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Platooning does not seem a viable business

Newer trucks have better aerodynamics making the save of petrol deriving from platooning much less significant. Image credit: SupplyChainDive

Daimler, a major player in truck manufacturing, has been pioneering platooning for the last few years. As technology has progressed and made possible -and affordable- the linking of several trucks into a convoy a few manufacturers started exploring the benefits. There should be two main benefits: decreasing drag, hence the cost of fuel and decreasing the number of drivers, something that in places like the US experiencing truck drivers shortage should be very appealing.

Trials, so far, have been carried out in Nevada, Arizona, Oregon and Georgia (this latter by Waymo) in the US and in Nordic Countries (Volvo), mostly Sweden, in Europe where traffic conditions and long stretches of roads are the norm.

In spite of the promises, Daimler published a press release announcing they are abandoning platooning to focus on highly automated trucks with plans to invest half a billion € over the next few years. The results from platooning has shown fewer benefits on the side of fuel consumption, even in the best condition. This is due to the increased aerodynamics of newer trucks and to the fact that it is practically impossible to keep the convoy in a platoon for the whole length of travel. The acceleration required to re-form the platoon is further decreasing the save of fuel. The same need for breaking and recomposing the platoon makes impossible, today, to use a single driver for the whole platoon, each truck in the convoy needs to have its own driver.

The business motivation is not there, the potential savings do not balance the extra cost needed to equip trucks to support platooning.

The 5 degrees of vehicle driving automation. Daimler is focussing on level 4 for its future generation of trucks. Image credit: SAE International

Hence, the decision of Daimler to focus research resources on creating highly automated trucks (level 4). Truck automation is different from car automation. It needs to take into consideration the bigger size and mass of the truck, and corresponding different responses to acceleration and braking. Daimler intends to use radar, LIDAR and image cameras processing all data they provide to create a continuous monitoring of the truck in the ambient. This requires high capacity processing on board. Additionally, the automation system will be duplicated to have a redundant back up in case of malfunctioning.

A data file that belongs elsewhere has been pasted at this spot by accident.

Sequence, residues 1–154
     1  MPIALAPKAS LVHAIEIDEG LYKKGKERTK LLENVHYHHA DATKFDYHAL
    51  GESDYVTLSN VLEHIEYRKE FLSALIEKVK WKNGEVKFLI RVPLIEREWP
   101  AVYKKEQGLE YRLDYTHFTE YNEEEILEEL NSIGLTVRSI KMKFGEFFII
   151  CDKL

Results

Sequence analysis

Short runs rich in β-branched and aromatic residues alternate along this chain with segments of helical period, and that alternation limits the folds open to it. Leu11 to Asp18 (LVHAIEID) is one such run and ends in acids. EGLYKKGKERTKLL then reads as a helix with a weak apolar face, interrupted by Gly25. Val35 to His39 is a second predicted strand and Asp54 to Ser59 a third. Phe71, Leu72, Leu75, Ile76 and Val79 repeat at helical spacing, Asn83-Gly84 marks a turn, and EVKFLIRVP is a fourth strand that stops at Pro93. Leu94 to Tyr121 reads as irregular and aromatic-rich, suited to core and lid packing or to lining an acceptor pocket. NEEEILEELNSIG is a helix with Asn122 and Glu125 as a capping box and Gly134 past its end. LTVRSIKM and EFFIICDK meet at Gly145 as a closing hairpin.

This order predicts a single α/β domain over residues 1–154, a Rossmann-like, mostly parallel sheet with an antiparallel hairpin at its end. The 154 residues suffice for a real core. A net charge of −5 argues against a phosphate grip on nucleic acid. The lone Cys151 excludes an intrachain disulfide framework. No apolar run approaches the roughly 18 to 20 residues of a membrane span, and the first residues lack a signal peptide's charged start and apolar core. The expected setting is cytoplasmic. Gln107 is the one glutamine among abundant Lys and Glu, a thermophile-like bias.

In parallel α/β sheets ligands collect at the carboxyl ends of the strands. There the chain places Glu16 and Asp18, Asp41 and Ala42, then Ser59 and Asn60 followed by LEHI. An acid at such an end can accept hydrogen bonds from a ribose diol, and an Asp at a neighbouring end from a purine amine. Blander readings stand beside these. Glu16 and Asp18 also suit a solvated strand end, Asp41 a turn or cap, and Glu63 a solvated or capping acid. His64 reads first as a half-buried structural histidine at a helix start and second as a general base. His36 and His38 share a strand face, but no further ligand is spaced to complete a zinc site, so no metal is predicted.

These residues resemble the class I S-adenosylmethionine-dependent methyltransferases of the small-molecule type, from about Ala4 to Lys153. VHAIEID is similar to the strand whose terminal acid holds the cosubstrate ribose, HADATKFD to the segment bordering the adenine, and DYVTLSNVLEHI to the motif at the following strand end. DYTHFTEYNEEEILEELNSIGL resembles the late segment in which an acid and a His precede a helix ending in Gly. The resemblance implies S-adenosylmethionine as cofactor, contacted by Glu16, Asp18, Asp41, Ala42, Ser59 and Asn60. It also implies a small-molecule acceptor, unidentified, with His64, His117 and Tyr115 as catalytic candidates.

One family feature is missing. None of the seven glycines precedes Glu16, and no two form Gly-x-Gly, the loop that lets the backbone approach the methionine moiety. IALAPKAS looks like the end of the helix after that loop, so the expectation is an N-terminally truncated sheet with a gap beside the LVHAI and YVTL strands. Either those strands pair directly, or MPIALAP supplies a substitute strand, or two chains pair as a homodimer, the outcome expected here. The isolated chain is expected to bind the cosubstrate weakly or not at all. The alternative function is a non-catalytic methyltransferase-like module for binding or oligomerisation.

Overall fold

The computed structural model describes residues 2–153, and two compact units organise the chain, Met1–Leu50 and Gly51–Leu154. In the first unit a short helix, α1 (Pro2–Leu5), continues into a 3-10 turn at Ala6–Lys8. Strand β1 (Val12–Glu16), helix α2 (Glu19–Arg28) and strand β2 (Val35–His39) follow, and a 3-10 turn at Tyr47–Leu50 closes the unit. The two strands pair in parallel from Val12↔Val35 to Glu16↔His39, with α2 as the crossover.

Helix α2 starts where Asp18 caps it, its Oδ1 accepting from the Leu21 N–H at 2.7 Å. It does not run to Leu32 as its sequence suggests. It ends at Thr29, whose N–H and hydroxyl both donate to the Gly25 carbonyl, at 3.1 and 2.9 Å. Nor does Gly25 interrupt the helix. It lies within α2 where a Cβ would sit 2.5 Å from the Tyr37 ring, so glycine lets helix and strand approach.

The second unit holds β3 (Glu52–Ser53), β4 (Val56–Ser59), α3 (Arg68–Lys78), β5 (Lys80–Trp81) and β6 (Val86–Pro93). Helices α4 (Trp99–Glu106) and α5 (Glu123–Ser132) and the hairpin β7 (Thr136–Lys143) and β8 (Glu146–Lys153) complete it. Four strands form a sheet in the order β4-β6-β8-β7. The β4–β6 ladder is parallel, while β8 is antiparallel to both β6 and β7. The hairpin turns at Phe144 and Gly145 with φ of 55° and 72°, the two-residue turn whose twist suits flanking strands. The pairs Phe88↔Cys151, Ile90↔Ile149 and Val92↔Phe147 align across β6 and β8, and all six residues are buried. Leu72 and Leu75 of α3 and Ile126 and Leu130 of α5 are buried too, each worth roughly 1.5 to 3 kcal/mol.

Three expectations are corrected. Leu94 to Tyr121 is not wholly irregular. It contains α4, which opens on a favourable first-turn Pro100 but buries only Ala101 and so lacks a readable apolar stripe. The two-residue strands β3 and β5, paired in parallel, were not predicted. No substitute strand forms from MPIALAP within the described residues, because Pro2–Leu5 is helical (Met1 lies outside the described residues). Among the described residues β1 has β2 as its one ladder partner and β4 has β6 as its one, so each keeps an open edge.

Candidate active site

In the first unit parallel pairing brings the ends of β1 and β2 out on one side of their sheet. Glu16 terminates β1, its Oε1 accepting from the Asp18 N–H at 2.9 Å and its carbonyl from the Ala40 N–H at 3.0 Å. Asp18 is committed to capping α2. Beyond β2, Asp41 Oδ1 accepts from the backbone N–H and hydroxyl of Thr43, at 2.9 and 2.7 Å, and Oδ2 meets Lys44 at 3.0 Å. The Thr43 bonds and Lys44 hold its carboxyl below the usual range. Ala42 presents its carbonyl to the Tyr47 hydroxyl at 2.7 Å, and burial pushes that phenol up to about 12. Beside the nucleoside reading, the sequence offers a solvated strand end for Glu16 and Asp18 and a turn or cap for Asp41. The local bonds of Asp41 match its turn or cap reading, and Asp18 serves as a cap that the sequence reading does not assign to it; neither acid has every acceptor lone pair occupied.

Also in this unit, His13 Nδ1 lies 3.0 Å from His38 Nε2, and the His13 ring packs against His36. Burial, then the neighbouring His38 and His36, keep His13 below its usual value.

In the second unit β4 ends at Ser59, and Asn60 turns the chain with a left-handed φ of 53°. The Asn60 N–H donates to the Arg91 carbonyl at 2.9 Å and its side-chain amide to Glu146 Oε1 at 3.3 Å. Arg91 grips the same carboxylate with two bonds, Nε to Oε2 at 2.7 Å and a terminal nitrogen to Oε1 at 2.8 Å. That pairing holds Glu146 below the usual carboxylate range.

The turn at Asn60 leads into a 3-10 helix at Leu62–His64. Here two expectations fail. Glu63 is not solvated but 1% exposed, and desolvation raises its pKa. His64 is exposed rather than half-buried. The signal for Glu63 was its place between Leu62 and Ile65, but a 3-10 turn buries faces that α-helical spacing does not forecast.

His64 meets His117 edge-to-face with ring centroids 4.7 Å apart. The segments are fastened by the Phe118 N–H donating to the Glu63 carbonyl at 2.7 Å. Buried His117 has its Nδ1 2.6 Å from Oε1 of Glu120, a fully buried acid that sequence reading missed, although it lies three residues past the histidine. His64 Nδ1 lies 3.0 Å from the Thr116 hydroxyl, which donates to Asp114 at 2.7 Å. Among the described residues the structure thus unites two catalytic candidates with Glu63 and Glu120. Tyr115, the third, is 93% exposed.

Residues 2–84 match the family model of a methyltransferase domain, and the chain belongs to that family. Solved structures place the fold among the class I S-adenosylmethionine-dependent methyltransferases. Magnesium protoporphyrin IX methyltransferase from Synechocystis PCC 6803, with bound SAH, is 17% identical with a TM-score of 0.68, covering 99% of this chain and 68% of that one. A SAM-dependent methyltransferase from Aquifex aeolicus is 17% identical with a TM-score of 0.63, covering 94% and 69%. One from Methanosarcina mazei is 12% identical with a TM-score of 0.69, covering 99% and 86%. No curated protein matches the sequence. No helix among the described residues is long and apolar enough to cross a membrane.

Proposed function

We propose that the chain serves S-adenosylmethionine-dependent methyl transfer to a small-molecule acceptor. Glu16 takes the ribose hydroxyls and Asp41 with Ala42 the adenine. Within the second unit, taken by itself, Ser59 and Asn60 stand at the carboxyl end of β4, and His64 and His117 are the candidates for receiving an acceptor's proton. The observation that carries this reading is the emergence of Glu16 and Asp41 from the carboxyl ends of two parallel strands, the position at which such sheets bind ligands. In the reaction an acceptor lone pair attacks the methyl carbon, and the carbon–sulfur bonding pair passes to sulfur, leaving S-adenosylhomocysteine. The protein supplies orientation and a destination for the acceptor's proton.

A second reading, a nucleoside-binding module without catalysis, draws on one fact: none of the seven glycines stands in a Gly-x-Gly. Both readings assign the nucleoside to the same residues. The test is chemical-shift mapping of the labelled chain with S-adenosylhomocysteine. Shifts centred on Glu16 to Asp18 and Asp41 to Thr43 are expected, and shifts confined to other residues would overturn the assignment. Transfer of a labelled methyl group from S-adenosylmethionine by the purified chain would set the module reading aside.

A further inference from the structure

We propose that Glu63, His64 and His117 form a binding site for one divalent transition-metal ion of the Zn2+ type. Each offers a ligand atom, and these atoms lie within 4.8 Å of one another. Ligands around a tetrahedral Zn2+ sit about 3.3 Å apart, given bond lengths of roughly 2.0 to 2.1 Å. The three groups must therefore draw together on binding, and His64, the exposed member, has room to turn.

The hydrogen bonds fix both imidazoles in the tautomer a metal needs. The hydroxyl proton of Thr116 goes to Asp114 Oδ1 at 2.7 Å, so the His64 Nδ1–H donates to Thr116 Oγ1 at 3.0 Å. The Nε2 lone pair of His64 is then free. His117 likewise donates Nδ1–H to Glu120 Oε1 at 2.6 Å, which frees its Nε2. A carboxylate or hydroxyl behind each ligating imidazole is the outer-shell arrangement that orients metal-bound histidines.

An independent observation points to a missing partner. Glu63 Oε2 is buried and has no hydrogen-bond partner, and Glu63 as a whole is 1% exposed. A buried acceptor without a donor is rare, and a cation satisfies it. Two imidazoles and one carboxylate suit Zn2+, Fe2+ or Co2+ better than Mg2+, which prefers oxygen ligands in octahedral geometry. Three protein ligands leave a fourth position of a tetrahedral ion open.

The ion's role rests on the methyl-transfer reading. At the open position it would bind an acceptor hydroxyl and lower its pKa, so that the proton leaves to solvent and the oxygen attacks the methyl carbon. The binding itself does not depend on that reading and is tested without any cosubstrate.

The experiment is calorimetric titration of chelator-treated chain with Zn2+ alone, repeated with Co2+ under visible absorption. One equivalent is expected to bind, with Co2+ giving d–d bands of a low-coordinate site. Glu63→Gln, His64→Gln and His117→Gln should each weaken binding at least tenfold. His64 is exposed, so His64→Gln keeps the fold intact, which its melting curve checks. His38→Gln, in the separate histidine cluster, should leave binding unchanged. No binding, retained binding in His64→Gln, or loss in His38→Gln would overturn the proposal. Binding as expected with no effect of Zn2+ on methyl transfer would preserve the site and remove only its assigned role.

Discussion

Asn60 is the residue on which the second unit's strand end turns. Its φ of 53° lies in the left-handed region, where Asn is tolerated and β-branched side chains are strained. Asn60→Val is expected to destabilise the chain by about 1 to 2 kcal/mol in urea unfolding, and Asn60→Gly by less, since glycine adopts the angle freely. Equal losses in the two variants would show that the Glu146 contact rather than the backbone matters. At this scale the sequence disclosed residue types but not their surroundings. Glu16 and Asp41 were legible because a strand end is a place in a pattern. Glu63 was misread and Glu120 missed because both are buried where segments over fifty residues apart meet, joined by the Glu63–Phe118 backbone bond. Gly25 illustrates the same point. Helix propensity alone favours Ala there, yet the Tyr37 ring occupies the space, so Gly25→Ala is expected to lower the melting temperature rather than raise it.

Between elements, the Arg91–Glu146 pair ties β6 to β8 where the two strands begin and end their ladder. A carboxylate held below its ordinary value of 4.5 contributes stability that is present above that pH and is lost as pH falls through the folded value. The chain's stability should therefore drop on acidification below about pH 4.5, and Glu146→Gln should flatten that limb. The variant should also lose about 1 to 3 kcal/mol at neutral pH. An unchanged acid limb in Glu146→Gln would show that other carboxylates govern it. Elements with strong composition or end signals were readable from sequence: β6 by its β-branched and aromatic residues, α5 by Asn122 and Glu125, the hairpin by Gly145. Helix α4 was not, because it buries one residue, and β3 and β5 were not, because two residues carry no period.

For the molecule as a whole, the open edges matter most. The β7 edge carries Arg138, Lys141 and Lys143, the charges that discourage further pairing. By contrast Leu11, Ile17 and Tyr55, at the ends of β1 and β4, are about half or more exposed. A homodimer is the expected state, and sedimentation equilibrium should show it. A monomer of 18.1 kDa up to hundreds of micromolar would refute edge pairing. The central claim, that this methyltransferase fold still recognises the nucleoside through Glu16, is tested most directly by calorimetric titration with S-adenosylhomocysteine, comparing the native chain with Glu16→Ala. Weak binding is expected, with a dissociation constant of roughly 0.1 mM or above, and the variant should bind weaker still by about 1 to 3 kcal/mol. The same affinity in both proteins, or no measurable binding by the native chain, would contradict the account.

About Roberto Saracco

Roberto Saracco fell in love with technology and its implications long time ago. His background is in math and computer science. Until April 2017 he led the EIT Digital Italian Node and then was head of the Industrial Doctoral School of EIT Digital up to September 2018. Previously, up to December 2011 he was the Director of the Telecom Italia Future Centre in Venice, looking at the interplay of technology evolution, economics and society. At the turn of the century he led a World Bank-Infodev project to stimulate entrepreneurship in Latin America. He is a senior member of IEEE where he leads the Industry Advisory Board within the Future Directions Committee and co-chairs the Digital Reality Initiative. He teaches a Master course on Technology Forecasting and Market impact at the University of Trento. He has published over 100 papers in journals and magazines and 14 books.